If you've ever been tempted to grab a bag of apples to keep your munchkins quiet whilst pushing them in a shopping trolley around the supermarket, you'll be glad to hear that Tesco has decided to start handing out free fruit to kids while their parents shop.
It follows a trial of the free fruit for kids scheme which was deemed a success and will now be rolled out across 800 stores.
The idea is that you can help yourself to apples, bananas and citrus fruits to be munched on by your little ones while you get your grocery shopping done - and it's in part a move intended to discourage parents from letting kids snack on sweets when they're doing the weekly shop.
I think it's a brilliant idea although I can't help wondering if it isn't open to abuse. How do you stop someone from restocking the contents of their family fruit bowl from the free fruit on offer?
And isn't it a little bit weird if the only way to make kids snack on a banana in the shops is to give them one for free?
But a Tesco spokesperson said the new free fruit scheme was a "positive step towards improving children's health throughout the UK".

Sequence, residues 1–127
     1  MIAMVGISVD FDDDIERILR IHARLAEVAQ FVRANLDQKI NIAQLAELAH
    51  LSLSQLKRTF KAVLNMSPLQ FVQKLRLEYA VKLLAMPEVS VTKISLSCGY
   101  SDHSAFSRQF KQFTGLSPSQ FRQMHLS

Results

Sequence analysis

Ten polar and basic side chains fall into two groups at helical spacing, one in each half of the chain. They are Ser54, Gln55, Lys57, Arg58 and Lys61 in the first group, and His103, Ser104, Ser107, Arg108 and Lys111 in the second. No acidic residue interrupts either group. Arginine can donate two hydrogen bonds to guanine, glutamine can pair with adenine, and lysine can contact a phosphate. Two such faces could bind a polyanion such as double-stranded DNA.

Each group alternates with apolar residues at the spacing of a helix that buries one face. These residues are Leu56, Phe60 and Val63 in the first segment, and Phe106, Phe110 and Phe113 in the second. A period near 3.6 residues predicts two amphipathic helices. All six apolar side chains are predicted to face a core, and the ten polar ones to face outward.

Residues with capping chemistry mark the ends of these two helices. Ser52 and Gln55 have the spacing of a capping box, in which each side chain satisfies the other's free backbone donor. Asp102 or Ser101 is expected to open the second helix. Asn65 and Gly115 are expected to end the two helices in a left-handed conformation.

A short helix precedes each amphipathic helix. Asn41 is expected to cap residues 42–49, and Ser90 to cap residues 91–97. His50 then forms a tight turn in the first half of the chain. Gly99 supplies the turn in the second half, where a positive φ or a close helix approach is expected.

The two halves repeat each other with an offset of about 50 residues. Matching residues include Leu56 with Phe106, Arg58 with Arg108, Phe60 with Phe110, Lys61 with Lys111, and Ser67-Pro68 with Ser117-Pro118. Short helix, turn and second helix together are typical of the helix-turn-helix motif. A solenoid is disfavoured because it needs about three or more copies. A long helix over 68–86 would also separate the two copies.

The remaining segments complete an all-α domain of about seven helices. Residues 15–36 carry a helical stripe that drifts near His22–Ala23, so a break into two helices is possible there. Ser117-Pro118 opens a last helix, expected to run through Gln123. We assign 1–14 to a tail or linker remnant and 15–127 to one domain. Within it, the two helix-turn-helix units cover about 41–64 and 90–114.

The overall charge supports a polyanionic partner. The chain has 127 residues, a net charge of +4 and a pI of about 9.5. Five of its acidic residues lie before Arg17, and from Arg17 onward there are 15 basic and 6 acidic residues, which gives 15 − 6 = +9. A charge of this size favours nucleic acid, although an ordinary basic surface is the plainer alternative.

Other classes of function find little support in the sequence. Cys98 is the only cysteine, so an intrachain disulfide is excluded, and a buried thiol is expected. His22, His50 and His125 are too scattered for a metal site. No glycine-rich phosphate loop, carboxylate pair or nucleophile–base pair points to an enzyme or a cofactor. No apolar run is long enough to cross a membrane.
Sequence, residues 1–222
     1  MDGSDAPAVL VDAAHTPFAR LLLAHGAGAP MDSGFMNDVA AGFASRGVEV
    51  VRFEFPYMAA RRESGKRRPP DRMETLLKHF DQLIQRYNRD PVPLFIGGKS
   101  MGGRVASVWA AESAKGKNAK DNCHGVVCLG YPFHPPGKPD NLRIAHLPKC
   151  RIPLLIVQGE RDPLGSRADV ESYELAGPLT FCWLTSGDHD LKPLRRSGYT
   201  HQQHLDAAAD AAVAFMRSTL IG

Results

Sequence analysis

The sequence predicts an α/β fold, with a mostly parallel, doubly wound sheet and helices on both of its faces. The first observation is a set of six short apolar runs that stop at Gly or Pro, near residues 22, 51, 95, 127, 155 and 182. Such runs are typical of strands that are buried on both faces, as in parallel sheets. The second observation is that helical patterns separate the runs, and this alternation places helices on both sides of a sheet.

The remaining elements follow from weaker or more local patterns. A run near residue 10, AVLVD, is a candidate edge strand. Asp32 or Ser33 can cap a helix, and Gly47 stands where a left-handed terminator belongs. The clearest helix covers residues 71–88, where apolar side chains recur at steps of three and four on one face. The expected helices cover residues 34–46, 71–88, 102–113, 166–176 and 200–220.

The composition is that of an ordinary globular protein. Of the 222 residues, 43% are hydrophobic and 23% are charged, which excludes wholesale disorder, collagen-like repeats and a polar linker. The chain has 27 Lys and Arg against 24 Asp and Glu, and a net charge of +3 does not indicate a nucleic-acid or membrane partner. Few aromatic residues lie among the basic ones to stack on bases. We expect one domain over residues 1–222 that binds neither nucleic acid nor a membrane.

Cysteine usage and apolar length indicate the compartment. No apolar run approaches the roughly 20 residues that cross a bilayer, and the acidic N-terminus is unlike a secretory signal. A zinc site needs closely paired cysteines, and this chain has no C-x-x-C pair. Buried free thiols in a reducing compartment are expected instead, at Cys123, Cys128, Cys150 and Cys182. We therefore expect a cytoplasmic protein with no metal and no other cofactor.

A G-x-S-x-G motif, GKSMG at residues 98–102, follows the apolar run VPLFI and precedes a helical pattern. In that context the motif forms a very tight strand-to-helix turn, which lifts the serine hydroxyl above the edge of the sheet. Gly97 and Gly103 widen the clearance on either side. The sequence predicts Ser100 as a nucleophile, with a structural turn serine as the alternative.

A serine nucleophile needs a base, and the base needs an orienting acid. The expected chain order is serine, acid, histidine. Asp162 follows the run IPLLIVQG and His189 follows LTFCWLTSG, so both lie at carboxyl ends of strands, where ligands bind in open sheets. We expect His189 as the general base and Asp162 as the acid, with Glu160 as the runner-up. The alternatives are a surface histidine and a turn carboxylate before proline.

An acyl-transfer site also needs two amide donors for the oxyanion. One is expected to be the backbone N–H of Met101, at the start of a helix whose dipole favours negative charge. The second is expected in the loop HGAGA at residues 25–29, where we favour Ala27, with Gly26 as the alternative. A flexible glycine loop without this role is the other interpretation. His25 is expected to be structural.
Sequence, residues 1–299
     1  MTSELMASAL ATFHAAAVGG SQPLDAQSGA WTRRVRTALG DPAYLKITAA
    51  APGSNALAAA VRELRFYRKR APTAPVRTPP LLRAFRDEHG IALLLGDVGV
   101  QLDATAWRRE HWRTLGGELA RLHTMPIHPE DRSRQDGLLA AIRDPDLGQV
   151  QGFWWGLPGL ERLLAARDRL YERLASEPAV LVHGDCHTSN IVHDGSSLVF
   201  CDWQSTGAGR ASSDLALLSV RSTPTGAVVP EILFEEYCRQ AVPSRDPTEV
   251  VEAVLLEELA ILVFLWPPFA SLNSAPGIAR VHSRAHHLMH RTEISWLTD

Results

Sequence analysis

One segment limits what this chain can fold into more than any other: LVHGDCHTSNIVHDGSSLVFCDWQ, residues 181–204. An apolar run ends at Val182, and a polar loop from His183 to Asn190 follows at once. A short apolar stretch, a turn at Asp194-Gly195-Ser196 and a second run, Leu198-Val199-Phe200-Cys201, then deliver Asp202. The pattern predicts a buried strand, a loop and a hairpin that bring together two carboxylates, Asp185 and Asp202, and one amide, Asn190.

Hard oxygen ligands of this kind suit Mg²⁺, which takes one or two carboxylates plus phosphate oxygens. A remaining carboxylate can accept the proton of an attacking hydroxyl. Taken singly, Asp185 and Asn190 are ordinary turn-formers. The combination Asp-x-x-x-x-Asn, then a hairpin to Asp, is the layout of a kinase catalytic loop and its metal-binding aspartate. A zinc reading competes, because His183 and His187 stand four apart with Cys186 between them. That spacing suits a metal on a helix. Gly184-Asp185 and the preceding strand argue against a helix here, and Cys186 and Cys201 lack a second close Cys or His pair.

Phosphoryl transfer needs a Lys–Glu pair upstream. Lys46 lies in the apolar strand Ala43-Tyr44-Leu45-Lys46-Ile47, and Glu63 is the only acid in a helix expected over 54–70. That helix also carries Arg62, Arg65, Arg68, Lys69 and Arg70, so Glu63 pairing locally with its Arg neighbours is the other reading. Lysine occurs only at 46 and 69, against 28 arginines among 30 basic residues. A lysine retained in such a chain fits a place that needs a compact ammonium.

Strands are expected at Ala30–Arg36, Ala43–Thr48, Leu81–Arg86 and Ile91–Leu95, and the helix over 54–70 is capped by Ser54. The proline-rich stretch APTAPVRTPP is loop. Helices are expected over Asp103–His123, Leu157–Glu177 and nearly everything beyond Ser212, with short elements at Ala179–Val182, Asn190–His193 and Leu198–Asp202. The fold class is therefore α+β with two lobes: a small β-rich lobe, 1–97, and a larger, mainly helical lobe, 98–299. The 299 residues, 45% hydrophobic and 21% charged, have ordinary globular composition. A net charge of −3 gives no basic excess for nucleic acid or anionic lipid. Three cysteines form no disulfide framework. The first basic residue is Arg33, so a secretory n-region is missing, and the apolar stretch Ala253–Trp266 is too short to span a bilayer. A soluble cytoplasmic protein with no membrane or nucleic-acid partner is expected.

Do you agree that schemes like this one - along with removing sweets from Tesco checkout areas - make it easier for parents to encourage kids to make healthy food choices?
Would a free piece of fruit hold any sway over you when it comes to what you let your little ones snack on during the supermarket shopping? Is it a cynical ploy by the supermarket to entice you inside their doors and make you avoid the competition?
And am I the only parent who never sets food inside the supermarket with my kids in tow?! Isn't this why they invented supermarket shopping - so you can fill your basket in peace with a glass of wine in hand if you fancy and without having to deal with pester power or high-octane requests for sugary snacks and treats as you wander the aisles?
Forget free fruit for kids; they'd have to start handing out Prosecco at the door to get me to going back to doing my shopping the old-fashioned way...